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How is priority determined?-Collection Doubt

 
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Im adding 'B' first then 'C' and then 'A'. I get the output ACB, but that is LIFO structure. So is priority Que oppiste of FIFO then?
 
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Originally posted by Amitabha Batranab:

Im adding 'B' first then 'C' and then 'A'. I get the output ACB, but that is LIFO structure. So is priority Que oppiste of FIFO then?



A priority queue returns the element in the order specified by the comparator -- or natural order if no comparator is provided.

However, this only applies to the methods of the Queue interface. In your case, you are using a "for" loop that uses the iterator to go through the queue. The iterator doesn't return the elements of the queue in any particular order.

Henry
 
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to get the sorted order, try this:
 
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Originally posted by bing marquez:
to get the sorted order, try this:




Or as the API suggests:
 
Amit Batra
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Ok, I used Barry's code and updated below:
but the output is still ACB

Also I thought that Sets and lists had access to the toArray(). How come priorityQueue is getting to use it without a compiler error?
 
bing marquez
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I tried 2 separate calls(*) and I was able to to get the sorted output of "ABC".

Nonetheless, Arrays.sort(s.toArray()) should have work as stated by Barry.
So, this is puzzling...

BDW PriorityQueue implements Que which in turn extends Collection, therefore it can use toArray().
 
Amit Batra
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Puzzling indeed, kudos on getting it to work though. But now how come if we use the alternate form of toArray() it ceases to work? I get an exception.


 
Barry Gaunt
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Previously I quoted from the API but I did not check it. However, the following code works:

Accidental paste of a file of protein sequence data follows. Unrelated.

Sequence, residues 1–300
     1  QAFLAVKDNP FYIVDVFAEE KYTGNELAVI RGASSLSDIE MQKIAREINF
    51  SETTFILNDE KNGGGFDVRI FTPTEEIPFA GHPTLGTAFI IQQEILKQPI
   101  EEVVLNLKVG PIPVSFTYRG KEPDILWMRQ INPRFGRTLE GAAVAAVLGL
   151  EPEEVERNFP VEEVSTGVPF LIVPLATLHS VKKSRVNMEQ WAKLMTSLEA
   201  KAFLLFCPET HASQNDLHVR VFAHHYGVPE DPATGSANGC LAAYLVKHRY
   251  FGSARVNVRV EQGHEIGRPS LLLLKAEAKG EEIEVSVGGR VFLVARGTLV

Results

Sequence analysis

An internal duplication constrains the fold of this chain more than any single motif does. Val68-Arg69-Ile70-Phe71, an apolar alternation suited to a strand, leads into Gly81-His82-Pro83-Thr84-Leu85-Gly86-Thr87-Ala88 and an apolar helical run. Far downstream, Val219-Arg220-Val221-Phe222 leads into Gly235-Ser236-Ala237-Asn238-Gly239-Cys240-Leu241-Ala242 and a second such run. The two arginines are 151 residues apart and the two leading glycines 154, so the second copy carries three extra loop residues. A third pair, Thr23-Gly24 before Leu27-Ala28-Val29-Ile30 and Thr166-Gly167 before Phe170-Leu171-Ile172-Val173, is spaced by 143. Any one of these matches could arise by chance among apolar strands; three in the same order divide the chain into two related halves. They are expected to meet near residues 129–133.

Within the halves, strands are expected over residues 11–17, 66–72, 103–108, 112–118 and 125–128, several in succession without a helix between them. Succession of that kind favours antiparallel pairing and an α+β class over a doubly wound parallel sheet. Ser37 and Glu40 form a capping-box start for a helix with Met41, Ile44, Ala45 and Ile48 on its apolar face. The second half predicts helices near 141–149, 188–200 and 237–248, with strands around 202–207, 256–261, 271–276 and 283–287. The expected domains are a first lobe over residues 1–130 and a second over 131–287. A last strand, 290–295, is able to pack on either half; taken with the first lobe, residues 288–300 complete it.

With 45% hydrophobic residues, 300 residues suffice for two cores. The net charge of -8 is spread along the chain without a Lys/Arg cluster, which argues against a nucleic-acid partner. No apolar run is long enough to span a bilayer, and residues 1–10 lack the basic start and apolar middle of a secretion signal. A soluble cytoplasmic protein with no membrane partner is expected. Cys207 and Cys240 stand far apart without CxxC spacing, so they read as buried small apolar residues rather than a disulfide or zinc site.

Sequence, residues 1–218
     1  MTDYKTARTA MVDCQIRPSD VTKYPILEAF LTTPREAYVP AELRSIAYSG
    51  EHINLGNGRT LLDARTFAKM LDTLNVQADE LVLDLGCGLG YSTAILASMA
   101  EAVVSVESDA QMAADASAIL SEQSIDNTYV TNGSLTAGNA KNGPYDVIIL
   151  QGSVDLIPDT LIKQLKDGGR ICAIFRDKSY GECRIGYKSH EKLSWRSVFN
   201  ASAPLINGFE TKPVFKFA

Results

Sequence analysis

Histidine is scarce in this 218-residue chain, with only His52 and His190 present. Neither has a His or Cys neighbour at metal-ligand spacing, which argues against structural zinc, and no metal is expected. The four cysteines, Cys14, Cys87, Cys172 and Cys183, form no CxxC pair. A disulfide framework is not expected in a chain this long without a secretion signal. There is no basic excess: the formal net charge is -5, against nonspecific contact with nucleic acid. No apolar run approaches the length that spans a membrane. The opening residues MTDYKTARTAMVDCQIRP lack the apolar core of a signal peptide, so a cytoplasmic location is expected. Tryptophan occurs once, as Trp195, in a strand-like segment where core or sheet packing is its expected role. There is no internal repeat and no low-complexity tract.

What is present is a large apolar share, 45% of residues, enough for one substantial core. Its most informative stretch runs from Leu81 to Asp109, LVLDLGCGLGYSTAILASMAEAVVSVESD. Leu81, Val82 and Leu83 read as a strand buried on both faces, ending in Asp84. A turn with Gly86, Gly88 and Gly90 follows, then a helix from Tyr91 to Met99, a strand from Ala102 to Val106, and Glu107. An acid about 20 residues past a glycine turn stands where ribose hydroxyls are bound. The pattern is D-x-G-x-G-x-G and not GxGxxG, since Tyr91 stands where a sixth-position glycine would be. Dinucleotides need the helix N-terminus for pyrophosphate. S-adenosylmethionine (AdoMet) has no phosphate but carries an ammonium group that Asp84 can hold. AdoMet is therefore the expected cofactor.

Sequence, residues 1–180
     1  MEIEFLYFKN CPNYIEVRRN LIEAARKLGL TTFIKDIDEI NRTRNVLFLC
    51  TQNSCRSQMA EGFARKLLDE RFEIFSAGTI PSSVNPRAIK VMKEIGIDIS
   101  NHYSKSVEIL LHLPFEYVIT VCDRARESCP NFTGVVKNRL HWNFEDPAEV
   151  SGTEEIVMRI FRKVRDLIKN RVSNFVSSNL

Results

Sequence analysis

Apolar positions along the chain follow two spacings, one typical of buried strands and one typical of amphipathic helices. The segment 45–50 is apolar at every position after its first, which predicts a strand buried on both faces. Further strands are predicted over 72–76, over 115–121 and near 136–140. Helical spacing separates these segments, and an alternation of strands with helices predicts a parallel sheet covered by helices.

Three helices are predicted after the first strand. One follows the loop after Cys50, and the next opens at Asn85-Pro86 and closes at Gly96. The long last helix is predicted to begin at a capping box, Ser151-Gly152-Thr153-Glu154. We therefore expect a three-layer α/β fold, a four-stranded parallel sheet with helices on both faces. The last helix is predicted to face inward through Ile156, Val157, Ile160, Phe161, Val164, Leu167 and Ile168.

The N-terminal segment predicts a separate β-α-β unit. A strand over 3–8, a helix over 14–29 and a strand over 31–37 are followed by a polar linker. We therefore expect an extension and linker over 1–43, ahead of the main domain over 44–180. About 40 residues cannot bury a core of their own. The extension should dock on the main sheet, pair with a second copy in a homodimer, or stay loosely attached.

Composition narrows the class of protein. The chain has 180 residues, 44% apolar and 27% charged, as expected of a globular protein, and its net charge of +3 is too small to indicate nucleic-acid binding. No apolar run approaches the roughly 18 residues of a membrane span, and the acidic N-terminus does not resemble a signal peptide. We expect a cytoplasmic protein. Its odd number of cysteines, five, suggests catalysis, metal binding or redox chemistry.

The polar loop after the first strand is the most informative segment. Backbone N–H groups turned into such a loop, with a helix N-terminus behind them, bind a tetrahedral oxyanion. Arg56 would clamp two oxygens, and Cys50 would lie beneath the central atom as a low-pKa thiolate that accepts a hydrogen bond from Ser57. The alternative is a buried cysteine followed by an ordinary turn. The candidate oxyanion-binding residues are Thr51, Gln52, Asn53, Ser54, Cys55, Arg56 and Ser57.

Which I realize is what bing did.

The problem is caused by the fact that Arrays.sort() sorts in place and does not return the array being sorted.
[ September 04, 2006: Message edited by: Barry Gaunt ]
 
Henry Wong
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Originally posted by Amitabha Batranab:
Puzzling indeed, kudos on getting it to work though. But now how come if we use the alternate form of toArray() it ceases to work? I get an exception.



The toArray() method that takes no parameters, returns an Object array -- not an array type that is past in and (may be different array object but same type) returned, that subclasses the Object array.

It is an Object array, even though all array elements are String elements. This means when you try to cast it to a String array -- it will throw an exception.

Henry
[ September 04, 2006: Message edited by: Henry Wong ]
 
Amit Batra
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The toArray() method that takes no parameters, returns an Object array -- not an array type that is past in and (may be different array object but same type) returned, that subclasses the Object array.

It is an Object array, even though all array elements are String elements. This means when you try to cast it to a String array -- it will throw an exception.



So basically When can we use the alternate form of toArray() that takes no parameter? The way I see it is that it is useless?. But one thing Im still stumped on is that by doing 'String[] str = (String[])s.toArray()' we are downcasting,yes, but downcasting to the correct type? so why would this give exceptions.?
 
Barry Gaunt
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Take a look at this simple example:


That is, just because you create an Object array (Object[]) and fill it with Strings does not mean that it is really a String array (String[]).
 
Barry Gaunt
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Here's an example where you can use the Object[] returned from toArray():
 
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